“I had these cushions from an old sofa and I arranged them around to block out some of the sounds when I’m recording the vocals, it was little hacks like that basically.
“And because I’m multi-tracking a lot, I think it doesn’t have to be completely clean.
“Say if it was just your voice a capella or a classical recording, you can get away with a lot less there.
“I did four days a week in the call centre, and I did night shifts. So I used to get up early mornings, do maybe four or five hours on my own stuff, and then go in to the call centre.
“I would always work at least a six-day week and then I would try and take at least one day off to go for a hike or something.
“So it was very full on for a long time because I really, really needed to make this album.”
When she lost both her job and her apartment in 2012, Meljoann and her musician partner, Ewan Hennelly, also known as Brontis, moved to Brighton.
Regarded as England’s most liberal city, she says it is a place that has been good for her.
“Well, obviously I moved over here with my partner so that’s probably why my accent hasn’t changed even slightly. When I feel it going, I clamp it back down.
“Brighton’s got that kind of relaxed feel.
“I feel comfortable here with the kind of the social attitudes people have like the way the queer community is really strong here.
“That makes me feel really comfortable.
“And yeah, I love Brighton but I’ll always miss home.
“There’s this real can do feeling somewhere like Brighton.
“That does rub off on you.
“I can leach off some of that.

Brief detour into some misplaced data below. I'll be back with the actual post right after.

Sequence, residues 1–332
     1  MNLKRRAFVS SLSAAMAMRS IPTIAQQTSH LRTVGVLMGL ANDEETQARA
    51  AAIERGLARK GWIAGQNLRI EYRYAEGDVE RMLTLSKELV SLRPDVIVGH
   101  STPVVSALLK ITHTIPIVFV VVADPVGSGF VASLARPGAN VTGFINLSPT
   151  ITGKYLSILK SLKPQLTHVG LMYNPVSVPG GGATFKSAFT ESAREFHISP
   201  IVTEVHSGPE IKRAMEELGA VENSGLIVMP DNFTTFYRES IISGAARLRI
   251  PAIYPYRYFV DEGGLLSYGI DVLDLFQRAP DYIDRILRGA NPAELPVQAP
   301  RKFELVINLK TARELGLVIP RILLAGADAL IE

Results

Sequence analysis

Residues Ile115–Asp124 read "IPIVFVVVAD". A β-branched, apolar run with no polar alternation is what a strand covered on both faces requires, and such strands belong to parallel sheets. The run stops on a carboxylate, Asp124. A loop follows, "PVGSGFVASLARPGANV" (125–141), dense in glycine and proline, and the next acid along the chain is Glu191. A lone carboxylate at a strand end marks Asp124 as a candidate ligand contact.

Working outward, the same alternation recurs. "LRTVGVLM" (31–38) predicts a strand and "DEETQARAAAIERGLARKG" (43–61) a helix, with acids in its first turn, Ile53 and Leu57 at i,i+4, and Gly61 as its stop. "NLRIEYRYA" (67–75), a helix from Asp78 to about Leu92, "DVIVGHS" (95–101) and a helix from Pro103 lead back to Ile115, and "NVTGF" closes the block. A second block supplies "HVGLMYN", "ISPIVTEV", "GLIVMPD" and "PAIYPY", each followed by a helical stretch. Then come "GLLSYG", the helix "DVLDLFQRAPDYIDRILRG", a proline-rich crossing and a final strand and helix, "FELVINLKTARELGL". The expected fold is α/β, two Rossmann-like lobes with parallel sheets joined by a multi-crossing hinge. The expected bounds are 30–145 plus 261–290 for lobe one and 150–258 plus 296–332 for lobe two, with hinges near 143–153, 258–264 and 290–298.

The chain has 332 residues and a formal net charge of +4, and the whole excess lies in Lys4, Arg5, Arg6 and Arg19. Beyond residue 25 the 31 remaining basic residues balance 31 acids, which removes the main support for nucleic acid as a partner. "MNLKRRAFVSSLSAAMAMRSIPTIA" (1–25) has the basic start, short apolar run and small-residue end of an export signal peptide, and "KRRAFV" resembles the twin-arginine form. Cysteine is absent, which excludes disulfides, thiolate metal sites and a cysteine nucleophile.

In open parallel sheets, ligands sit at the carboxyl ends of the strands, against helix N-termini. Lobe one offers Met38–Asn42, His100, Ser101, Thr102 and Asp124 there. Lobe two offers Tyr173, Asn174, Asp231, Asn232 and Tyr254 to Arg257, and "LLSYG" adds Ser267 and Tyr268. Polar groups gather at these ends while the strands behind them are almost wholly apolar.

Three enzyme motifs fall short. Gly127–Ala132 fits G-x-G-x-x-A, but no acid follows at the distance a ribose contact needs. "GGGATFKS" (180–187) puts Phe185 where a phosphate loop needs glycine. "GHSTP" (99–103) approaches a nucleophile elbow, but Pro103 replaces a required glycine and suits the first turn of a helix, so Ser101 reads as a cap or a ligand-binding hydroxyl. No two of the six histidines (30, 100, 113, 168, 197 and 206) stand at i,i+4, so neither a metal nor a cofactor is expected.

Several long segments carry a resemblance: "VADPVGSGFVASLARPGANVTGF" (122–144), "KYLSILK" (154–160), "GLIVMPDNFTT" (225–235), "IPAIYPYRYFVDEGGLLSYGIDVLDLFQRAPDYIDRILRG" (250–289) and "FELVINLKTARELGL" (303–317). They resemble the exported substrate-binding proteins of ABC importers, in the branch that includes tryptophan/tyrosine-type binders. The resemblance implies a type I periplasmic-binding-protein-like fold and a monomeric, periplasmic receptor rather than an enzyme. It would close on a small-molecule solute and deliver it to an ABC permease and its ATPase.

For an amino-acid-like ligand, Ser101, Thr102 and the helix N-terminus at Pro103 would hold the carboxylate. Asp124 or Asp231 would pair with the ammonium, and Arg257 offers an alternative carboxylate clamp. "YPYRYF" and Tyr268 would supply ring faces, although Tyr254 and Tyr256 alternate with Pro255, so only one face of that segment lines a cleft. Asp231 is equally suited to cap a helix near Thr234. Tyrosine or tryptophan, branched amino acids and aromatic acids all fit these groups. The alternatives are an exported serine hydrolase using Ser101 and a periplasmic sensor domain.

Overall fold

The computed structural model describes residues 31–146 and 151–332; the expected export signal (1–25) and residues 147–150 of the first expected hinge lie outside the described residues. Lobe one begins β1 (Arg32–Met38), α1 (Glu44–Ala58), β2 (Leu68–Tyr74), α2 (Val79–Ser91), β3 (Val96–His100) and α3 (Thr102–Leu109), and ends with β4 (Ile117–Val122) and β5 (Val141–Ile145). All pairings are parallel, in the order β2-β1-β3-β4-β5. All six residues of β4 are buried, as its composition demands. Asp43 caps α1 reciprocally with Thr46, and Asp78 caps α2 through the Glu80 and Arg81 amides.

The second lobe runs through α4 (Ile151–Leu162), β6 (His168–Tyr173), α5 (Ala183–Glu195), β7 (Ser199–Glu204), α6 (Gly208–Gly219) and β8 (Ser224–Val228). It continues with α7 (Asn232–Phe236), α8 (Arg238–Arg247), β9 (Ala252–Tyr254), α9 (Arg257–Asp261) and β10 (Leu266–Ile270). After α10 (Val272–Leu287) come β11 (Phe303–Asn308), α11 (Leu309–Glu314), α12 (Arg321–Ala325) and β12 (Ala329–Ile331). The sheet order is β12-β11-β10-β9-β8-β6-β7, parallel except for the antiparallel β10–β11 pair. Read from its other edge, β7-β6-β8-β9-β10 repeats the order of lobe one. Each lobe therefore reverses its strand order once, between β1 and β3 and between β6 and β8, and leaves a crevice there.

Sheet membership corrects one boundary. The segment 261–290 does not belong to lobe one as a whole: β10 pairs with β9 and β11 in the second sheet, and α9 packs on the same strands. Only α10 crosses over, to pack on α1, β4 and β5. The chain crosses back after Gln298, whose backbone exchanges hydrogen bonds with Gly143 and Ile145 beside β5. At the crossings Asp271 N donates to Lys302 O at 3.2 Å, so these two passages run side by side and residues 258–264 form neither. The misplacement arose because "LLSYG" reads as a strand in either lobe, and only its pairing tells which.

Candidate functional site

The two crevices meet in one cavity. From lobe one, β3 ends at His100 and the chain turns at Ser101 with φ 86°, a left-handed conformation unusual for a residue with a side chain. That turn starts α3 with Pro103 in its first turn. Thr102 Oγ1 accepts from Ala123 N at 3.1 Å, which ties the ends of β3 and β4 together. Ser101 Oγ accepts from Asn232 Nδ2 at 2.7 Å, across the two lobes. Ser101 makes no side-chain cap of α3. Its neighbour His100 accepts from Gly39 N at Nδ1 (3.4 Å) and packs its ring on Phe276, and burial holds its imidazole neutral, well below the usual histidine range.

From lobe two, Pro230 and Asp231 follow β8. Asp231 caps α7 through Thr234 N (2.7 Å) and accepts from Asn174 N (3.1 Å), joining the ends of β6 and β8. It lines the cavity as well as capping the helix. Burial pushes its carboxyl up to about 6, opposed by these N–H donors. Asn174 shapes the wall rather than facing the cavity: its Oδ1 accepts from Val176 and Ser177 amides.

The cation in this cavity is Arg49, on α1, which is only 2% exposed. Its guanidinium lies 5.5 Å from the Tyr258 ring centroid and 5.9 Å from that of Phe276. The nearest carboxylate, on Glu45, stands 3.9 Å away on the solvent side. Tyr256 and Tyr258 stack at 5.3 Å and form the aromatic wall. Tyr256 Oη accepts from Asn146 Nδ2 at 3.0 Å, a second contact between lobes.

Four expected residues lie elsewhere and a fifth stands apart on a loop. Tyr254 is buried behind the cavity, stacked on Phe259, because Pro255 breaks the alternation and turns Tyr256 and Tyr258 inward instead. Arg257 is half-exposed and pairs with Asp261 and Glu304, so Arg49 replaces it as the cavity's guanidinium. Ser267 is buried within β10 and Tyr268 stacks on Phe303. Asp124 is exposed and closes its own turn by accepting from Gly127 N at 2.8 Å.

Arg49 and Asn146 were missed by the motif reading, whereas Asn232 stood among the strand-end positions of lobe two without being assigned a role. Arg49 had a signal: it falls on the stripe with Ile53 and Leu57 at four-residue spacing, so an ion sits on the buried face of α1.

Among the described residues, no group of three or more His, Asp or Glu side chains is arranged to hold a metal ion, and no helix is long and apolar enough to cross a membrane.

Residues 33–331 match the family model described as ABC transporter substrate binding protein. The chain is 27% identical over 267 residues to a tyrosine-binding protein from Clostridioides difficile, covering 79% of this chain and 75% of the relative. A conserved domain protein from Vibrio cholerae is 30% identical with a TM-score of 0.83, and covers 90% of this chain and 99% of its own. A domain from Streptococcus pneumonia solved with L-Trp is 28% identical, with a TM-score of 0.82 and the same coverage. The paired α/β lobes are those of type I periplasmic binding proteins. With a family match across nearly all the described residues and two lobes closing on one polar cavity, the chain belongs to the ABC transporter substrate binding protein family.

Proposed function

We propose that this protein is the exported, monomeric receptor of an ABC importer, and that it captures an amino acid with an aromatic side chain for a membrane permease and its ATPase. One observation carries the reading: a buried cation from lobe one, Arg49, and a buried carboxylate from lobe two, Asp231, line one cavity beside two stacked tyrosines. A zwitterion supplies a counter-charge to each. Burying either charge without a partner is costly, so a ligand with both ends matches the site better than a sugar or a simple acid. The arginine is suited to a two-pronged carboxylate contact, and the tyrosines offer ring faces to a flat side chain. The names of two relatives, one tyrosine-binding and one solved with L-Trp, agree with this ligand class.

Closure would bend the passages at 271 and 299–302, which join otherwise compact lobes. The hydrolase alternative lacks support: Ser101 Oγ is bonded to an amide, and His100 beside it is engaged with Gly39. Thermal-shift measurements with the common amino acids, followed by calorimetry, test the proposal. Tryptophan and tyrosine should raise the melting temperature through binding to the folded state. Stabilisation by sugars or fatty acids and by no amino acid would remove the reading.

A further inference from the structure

“I’m glad we came here. It was tough to leave but I always kind of wanted to see what was out there really.
“I remember I was living with a lovely lady from from Poland when I was in Ireland.
“And she said to me something I always remember.
“She said, ‘It’s good to experience being a foreigner somewhere’.
“It helps you in a lot of ways. I guess it takes you outside yourself and outside of your comfort zone, but it also helps you empathise with people who have emigrated.
“We’re dealing with a lot of post-colonial baggage, Irish in England definitely and I have you experienced that.”
Meljoann continues to say she has encountered anti- Irish feeling and ignorance: “Until recently, I used to work in this pub just outside of Brighton that was very, very Brexity if you know what I mean.
“It was more there and then maybe the older generation that you do hear comments.
“Most of them don’t even seem to know that Ireland is a separate country from Britain. They don’t know. And even the younger generation actually don’t seem to know that.
“Their education seems to be very, very scanty, maybe glorifying themselves and not really going into it.
“I remember in school, we obviously did Irish history, but we also learned it in the wider context of other countries becoming independent.
“Our education system is pretty good, I think, in comparison to when you come over here and you realise, ‘Oh right, you actually don’t know anything’.
“I think maybe if the Tories got out, someone else could have a go at maybe designing a curriculum that actually didn’t pussyfoot around rather than telling the truth.”
Meljoann recently returned to Ireland to see her family for the first time since the pandemic started.
Was it hard not being able to get back for all that time? “I guess, it’s better now you can zoom people.
“So it’s not as bad as it would have been if it had been before all that, we’d have to write letters or something. Or emails like savages.”
She also recorded a session at Whelan’s in Dublin while she was home.
“Luckily my family are super supportive so they understood that I had to squirrel myself away to practice for it when I was there.
“I hadn’t even met my smallest niece before so I got to hold her and it was just lovely because kids grow up so quickly.
“I do have the actual cutest nephews and nieces of all time.”
HR is out now.
Meljoann plays New River Studios in London on Tuesday 2 November.
For more information, click here.